V4: Kind of a Thing Now

Back on the bouldering walls this morning. They completely redid one of the rooms so I got to climb all new to me problems: V0, V1, V0, V1, V2, V3, V4.

I then attempted a different V4, half heartedly. My arms were tired, so I flashed an adjacent V1, then another adjacent V2.

I figured I’d work my way back up, so I attempted a hangey V3. I made 4 or 5 attempts at it, progressing with each attempt. I couldn’t quite commit to the final move, but after I hopped off I realized I should have tried to boost with my other foot. Alas, my forearms were too tired to try it again, so I called it a day and headed out.

But not before I climbed a new V1 and V0 near the exit. This was my first climb / down climb / climb without dismounting. Kind of a fun flow.


Did some bouldering on short rest this morning. Warmed up on a V0, V1, V2, then did the V2+ from last time a little more smoothly. I then set about working on a V3 I started Wednesday night. Tried and failed over and over. Studied it, came up with a new approach, tried and failed again.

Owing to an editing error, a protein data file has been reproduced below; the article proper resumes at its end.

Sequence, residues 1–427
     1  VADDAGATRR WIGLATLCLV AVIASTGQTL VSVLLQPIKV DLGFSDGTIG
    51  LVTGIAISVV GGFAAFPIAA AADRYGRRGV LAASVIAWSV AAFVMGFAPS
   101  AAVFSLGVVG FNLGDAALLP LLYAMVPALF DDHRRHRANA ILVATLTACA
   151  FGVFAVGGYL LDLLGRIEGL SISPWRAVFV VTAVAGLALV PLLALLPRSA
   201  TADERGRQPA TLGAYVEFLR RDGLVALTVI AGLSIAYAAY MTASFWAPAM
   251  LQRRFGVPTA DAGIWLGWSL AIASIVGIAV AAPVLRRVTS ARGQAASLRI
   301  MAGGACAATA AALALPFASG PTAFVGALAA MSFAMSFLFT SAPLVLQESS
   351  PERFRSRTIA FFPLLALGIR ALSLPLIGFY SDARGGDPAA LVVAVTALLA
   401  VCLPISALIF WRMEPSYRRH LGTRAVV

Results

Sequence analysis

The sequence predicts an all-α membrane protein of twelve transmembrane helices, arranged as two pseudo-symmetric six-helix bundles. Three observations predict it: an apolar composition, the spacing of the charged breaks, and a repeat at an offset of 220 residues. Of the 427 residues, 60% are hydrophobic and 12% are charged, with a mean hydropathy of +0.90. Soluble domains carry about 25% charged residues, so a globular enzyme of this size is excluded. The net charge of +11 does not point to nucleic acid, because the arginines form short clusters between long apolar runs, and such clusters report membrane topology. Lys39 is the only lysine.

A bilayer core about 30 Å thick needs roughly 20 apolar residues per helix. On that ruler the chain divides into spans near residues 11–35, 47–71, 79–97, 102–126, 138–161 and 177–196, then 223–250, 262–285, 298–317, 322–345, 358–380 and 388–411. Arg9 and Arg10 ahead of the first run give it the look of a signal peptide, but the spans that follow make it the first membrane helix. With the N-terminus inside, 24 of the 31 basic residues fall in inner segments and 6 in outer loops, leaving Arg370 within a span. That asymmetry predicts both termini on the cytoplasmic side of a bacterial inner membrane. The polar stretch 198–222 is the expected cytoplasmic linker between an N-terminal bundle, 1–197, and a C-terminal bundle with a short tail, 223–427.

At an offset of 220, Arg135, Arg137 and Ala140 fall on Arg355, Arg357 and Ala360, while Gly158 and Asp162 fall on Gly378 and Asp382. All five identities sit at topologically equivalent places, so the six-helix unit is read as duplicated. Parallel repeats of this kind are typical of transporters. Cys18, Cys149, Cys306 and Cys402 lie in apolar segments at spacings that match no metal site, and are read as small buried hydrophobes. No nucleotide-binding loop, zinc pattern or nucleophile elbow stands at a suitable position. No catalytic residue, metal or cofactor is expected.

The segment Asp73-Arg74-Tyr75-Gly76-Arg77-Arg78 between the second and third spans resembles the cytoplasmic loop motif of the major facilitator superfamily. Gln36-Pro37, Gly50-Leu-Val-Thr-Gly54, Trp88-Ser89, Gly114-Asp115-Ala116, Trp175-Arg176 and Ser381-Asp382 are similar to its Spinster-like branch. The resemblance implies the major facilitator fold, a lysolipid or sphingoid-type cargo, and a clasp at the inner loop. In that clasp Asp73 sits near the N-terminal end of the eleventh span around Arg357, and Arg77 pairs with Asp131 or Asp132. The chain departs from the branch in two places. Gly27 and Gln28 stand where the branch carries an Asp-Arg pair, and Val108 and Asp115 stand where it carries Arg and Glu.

Switched problems and flashed a different V3 one of my classmates had pointed out. Lots of side pull switches and traversing.

I thought about my progress these last two months vs. when I climbed on a regular basis in my 20s. Back then I never managed more than V1s and a 5.10b. I’m certainly not as young and spry as I was back then, so why am I doing so much better now?

Approach and mindset. In my 20s I didn’t know how to go about learning. I just did things and figured I’d get better. I applied that same approach to hockey, which worked great until I wanted to move up to Maroon Division. That was when I realized I had to practice specific skills, adjust, and practice some more.

I’ve since learned to apply deliberate practice wherever I can. It makes everything so much more interesting.

Balance and Technique 4: So Many Skillz

Balance and Technique class 4 of 4. We learned so many different things today!

First we talked about back flagging, which is like flagging, but behind you. Flagging is useful if you have a foot and hand from opposite sides on holds. Back flagging is useful is you have a foot and hand from the same side on holds. Basically, back flagging keeps you from swinging away from the wall like a barn door.